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TiO2 and ZrO2 in biomass conversion: why catalyst reduction helps.

  • Tosoni, Sergio1
  • Chen, Hsin-Yi Tiffany1, 2
  • Ruiz Puigdollers, Antonio1
  • Pacchioni, Gianfranco3
  • 1 Dipartimento di Scienza dei Materiali, Università di Milano Bicocca, via Cozzi 55, Milan 20125, Italy. , (Italy)
  • 2 Department of Engineering and System Science, National Tsing Hua University, ESS Building, No. 101, Section 2, Kuang-Fu Road, Hsinchu 30013, Taiwan, Republic of China. , (China)
  • 3 Dipartimento di Scienza dei Materiali, Università di Milano Bicocca, via Cozzi 55, Milan 20125, Italy [email protected] , (Italy)
Published Article
Philosophical Transactions of The Royal Society A Mathematical Physical and Engineering Sciences
The Royal Society
Publication Date
Jan 13, 2018
DOI: 10.1098/rsta.2017.0056
PMID: 29175816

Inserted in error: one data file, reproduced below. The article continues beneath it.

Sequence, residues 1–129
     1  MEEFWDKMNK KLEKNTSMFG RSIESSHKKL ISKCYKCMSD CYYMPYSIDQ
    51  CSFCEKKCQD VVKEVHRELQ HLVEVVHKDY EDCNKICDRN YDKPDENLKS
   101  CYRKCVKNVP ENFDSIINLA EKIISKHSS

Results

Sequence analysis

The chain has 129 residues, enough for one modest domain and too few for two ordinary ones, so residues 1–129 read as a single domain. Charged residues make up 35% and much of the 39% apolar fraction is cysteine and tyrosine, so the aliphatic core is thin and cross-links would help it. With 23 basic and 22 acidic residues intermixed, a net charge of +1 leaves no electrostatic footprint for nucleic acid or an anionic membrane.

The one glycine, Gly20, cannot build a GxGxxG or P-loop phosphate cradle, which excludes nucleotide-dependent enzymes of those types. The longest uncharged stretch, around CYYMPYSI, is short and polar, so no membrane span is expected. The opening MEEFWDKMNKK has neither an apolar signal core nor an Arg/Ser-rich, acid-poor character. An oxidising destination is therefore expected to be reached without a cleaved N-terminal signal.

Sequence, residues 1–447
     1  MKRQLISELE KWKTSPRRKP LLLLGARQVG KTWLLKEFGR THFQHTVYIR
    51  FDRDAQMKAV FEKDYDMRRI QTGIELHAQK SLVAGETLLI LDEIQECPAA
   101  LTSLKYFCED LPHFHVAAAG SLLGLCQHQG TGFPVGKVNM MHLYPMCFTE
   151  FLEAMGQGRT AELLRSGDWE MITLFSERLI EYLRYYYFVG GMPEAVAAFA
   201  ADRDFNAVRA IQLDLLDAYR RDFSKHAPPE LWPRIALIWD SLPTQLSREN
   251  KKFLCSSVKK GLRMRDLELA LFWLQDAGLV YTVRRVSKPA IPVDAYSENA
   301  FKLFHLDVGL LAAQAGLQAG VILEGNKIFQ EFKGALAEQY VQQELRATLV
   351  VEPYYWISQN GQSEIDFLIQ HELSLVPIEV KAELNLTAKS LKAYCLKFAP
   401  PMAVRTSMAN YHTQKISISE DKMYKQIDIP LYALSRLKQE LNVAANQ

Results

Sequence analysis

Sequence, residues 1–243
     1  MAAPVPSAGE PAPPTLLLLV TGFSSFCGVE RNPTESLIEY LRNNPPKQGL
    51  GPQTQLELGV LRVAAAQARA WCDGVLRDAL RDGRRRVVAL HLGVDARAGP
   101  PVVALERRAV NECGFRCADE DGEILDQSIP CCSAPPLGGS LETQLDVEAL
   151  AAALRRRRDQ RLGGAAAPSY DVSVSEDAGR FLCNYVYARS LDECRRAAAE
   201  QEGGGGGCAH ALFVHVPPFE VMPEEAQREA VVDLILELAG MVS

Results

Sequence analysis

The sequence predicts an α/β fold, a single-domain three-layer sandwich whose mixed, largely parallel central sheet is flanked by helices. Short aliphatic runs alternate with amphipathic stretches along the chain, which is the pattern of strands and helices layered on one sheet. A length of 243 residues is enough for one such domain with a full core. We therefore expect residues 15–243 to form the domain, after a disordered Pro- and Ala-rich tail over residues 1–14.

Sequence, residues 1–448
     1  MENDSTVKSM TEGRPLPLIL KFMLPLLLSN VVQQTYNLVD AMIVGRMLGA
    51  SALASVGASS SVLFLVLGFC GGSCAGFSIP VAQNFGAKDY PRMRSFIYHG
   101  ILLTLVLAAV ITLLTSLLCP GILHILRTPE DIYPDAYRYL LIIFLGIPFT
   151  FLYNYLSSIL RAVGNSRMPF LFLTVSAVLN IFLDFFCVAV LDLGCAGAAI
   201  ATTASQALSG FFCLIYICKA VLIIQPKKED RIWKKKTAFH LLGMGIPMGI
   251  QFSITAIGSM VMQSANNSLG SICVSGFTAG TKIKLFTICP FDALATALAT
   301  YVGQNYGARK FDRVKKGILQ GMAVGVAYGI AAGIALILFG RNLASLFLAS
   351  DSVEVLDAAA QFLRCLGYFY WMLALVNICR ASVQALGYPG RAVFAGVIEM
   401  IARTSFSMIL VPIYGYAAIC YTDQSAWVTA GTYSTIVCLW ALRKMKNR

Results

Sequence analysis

Biomass refers to plant-based materials that are not used for food or feed. As an energy source, lignocellulosic biomass (lignin, cellulose and hemicellulose) can be converted into various forms of biofuel using thermal, chemical and biochemical methods. Chemical conversion implies the use of solid catalysts, usually oxide materials. In this context, reducible oxides are considered to be more active than non-reducible oxides. But why? Using density functional theory DFT + U calculations with the inclusion of dispersion forces, we describe the properties of anatase TiO2, a reducible oxide, and tetragonal ZrO2, a non-reducible oxide, the (101) surfaces in this context. In particular, we focus on the role of surface reduction, either by direct creation of oxygen vacancies via O2 desorption, or by treatment in hydrogen. We show that the presence of reduced centres on the surface of titania or zirconia (either Ti3+ or Zr3+ ions, or oxygen vacancies) results in lower barriers and more stable intermediates in two key reactions in biomass catalytic conversion: ketonization of acetic acid (studied on ZrO2) and deoxygenation of phenol (studied on TiO2). We discuss the role of Ru nanoparticles in these processes, and in particular in favouring H2 dissociation and hydrogen spillover, which results in hydroxylated surfaces. We suggest that H2O desorption from the hydroxylated surfaces may be a relevant mechanism for the regeneration of oxygen vacancies, in particular on low-coordinated sites of oxide nanoparticles. Finally, we discuss the role of nanostructuring in favouring oxide reduction, by discussing the properties of ZrO2 nanoparticles of diameter of about 2 nm.This article is part of a discussion meeting issue 'Providing sustainable catalytic solutions for a rapidly changing world'.

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